Saturday, February 27, 2010

Tortilla Success

I have been putting off making tortillas for awhile, but I finally got around to actually making some earlier this week. I have watched tortillas being made in the past, and I thought they would be a great item to have on my food storage menu, since they take few ingredients and cook fast, so not that much fuel would be required to cook them. I looked around and looked around and looked around...and procrastinated...

I finally settled on this recipe, which I found over at the Happy Housewife.

Then I procrastinated some more.....

Flash forward to a night where I didn't feel like scrubbing potatoes and was low on ideas for blog posts, and the time just seemed right. So I tried the recipe.

High points: They tasted really good. The kids really liked them, and they disappeared almost as fast as I could make them. Even my child who doesn't really like bread was eating them. However, their popularity made it very inconvenient to get a picture, since I was hungry myself by the time I sat down, which reminds me of the single, solitary low point:

I probably wouldn't have been particularly happy with a picture, because my tortillas weren't round. They were more...glob-shaped. Yeah, entirely my fault. So they weren't uniformly shaped, but since we were just eating them with chili, there wasn't really a problem. However, there would have been some difficulty had we been trying to make tacos or something with them. Soooo, I guess I will have to practice the rolling-out methods that will lead to round tortillas. After I master that particular point of tortilla making, it will be more of a total success.

I recommend this recipe--easy, fast, and delicious. And if you can make your tortillas round, you're ahead of me already.... :)

Monday, February 22, 2010

More ways to use your long-term storage...

And when I say "more ways", I mean a lot more ways, many of which I haven't had a chance to even look at yet. Thanks to a kind e-mailer, I received a message with some wonderful links to recipes, one of which contains a lengthy list of recipes. I quote from said e-mailer, who actually took the time to put some of the actual recipes in the e-mail:

"These recipes are for making instant meals for long term storage. The sites have many more.
Just mix up, measure into bags seal and put in buckets."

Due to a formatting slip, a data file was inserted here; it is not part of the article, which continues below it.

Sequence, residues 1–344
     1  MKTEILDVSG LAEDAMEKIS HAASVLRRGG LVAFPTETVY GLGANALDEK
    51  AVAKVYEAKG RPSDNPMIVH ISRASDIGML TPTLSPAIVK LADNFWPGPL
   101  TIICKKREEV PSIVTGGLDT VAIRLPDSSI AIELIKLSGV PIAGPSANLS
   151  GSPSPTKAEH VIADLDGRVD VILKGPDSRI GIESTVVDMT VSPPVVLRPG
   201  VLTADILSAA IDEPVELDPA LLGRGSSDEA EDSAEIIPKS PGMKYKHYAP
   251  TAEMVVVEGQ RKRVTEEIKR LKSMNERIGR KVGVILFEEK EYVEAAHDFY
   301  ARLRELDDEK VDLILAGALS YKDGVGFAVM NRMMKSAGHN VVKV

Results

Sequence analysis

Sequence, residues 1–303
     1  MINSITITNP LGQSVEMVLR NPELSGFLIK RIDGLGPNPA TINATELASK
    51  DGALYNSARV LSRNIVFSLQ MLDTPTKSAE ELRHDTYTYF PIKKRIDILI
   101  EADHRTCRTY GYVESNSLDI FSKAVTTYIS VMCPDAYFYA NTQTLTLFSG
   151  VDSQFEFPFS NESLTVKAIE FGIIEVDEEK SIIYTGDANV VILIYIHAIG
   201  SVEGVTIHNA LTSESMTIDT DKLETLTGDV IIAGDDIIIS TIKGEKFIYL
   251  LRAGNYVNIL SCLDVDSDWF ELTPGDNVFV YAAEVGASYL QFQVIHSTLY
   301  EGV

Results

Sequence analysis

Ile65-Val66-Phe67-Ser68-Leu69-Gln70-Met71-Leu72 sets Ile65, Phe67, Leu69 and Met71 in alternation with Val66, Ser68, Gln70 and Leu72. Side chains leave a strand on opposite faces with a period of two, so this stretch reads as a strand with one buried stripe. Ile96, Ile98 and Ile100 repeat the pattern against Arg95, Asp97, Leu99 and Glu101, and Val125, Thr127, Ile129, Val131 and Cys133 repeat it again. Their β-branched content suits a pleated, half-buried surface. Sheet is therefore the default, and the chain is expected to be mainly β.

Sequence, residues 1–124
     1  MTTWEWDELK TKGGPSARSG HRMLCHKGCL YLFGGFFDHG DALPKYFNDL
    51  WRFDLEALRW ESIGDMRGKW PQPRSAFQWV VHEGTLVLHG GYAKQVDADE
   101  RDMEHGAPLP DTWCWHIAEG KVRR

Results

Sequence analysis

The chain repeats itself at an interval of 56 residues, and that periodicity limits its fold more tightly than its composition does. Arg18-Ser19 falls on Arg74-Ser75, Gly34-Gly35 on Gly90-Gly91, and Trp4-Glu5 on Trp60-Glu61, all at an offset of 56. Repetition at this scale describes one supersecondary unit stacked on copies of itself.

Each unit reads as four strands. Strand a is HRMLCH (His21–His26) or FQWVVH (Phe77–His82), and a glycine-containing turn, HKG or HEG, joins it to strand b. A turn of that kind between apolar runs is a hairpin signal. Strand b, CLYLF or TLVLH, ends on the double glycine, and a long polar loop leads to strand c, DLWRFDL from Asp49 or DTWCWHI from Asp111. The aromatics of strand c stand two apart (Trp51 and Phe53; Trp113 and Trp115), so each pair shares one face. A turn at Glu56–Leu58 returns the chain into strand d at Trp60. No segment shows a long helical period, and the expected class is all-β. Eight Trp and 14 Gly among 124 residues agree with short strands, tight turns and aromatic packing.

Here are the sites:

Soup Mix in a Jar Recipes, (I'm looking to try this one sometime, of the ones I've looked at so far... and there are even more types of mixes below the list of soup recipes)

AllFreeCrafts.Com, where you can find chicken noodle soup and minestrone in a jar recipes

This Veggie Rice Mix---I don't know if there are other recipes to find here yet, but this one looks pretty good.... :)

It's really the first link that has the most options to choose from, and hopefully you will find something that you and your loved ones would like. It's always good to have different options that are easy to make, and the recipes that I have seen in the first link so far look pretty good--I have a lot to go through on the list still, but I thought I'd give you the links so you can find what you like--gotta love variety, probably even more so when you are using your long-term supplies...thanks again, kind e-mailer!

Wednesday, February 10, 2010

Wish I had seen this a couple of months ago...

I came across the blog, Cooking: Prepare by applying heat and a little bit of love, not long ago. Too late to make Christmas treats, but when I saw this Festive Pretzels recipe, I thought, "Wow, that would be great for next year!" I haven't tried them yet, but they look incredibly easy, and you know how much I like easy recipes....

Then I got to thinking that these could be great for Valentine's as well, if you stuck to red and white M&M's--I mean, they're totally made with hugs and kisses. I will probably still file it away for December, but I thought it might come in handy for someone, and who knows, maybe I'll make some with my children before then.

I look forward to trying more recipes that are posted on the blog--I would recommend checking it out. I just thought I'd mention the pretzels now as a possibility for more festivity this weekend. (This post will also make it incredibly easy to find the recipe again before the holidays.) And just speaking for myself, I wouldn't turn down chocolate of any color.... :)

Monday, February 8, 2010